From Birding

Lifebirds #34 and #35 – A Pair of Standouts

Species  Great Blue Heron / Ardea herodias
Where Gervais Mill Park, Little Canada, MN
When May 2004
Who Joann
Number 34

 
The largest bird we see at Gervais Mill Park is the Great Blue Heron. It is a very large, unmistakable bird. There is almost always at least one feeding at the ponds from shortly after ice-out in the spring, until about a month or so before the ponds freeze up in the late fall. Many of these birds probably nest at the heronry a few miles north of us on Lake Peltier.

Great Blue Heron photgraphed at Nisqually NWR near Seattle, WAGreat Blue Herons regularly commute (up to 25 miles) from nesting sites to feeding sites, and I constantly see them in transit across the skies of the Twin Cities. While caring for nestlings they must make several round-trips per day, and based on the numbers I see in transit, I can believe it.

According to field guides, Great Blue Herons are found in every state of the union except Hawaii. In most states except the northmost, they can be found year-round. I’ve seen Great Blue Herons in five states (Minnesota, Wisconsin, California, Washington, and Alaska), but interestingly, not in Louisiana. In one heronry in New Orleans, I saw Great, Snowy, and Cattle Egrets, along with Black-crowned Night, Yellow-crowned, Little Blue, and Tricolored Herons: but no Great Blue Herons.

I photographed the individual shown above in Nisqually National Wildlife Reserve near Seattle, Washington. Based on location, it may be a member of the Ardea herodias fannini subspecies.

Species  Wood Duck / Aix sponsa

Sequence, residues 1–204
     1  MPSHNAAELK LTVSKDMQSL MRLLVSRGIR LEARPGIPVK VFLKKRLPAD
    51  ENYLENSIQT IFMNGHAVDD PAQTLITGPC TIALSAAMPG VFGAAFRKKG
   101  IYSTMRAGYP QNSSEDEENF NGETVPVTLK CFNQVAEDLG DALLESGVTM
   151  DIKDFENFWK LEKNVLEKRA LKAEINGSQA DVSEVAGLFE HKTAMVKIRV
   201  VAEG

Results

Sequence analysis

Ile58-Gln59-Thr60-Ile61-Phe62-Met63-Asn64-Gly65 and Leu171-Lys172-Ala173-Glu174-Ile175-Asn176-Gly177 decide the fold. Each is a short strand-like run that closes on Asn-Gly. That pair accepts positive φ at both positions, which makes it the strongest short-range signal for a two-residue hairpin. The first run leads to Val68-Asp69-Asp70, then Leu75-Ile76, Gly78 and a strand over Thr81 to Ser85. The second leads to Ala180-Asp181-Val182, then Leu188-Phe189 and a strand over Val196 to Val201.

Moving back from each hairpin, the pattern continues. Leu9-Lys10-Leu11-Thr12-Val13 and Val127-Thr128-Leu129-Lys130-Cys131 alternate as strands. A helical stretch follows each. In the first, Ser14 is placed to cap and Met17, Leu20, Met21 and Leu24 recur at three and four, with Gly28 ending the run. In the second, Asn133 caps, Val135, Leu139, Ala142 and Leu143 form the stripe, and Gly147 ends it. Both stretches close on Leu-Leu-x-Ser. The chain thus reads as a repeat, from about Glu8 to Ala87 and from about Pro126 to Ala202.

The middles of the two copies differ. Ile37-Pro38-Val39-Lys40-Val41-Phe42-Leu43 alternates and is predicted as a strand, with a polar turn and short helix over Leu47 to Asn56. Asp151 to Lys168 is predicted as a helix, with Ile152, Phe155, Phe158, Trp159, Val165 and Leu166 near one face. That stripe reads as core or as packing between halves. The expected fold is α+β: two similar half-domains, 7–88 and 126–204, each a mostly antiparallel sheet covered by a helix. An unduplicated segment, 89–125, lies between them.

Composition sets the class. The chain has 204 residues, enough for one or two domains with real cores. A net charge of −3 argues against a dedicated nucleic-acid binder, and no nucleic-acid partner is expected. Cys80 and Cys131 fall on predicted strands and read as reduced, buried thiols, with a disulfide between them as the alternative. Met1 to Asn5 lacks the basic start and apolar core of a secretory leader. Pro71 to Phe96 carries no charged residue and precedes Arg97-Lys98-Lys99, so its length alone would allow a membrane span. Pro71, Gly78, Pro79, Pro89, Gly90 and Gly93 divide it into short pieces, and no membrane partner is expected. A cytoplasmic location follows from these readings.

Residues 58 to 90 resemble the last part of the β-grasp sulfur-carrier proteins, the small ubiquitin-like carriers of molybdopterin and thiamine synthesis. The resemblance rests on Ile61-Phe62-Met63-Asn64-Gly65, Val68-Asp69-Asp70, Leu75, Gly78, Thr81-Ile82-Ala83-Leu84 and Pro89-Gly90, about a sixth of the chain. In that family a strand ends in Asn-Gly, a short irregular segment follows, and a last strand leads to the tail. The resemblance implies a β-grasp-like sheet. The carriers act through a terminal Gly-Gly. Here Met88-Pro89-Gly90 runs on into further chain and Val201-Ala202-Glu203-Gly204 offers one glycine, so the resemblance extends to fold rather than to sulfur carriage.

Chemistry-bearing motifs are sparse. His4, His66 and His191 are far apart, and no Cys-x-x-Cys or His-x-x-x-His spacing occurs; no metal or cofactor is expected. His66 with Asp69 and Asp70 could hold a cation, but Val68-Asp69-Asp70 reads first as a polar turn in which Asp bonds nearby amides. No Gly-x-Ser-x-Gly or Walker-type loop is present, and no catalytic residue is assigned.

Where Gervais Mill Park, Little Canada, MN
When May 2004
Who Joann
Number 35

 
Wood Duck photographed in Audubon Park, New Orleans, LAEvery year two or three female Wood Ducks nest in Gervais Mill Park. They use nest boxes that were constructed and placed by a local Boy Scout troop. For the past couple of years I’ve cleaned and performed minor repairs on these boxes, which is a small price to pay for the chance to see these colorful birds thrive on the ponds.

As is the case with the Great Blue Heron, I don’t have a specific recollection of the first Wood Duck I saw in the park (it seems now that I’ve just always seen them there). It was in May, though, and was probably a brightly-colored male just coming into his full breeding plumage.

I took the photo of the male Wood Duck shown here in Audubon Park in New Orleans, Louisiana in April of 2008.

The mascot of Century College, where Joann teaches chemistry, is the Wood Duck. One can only imagine the intimidating effect the fierce Wood Duck has on Century’s sporting rivals.

Century college mascot

See lifebird index.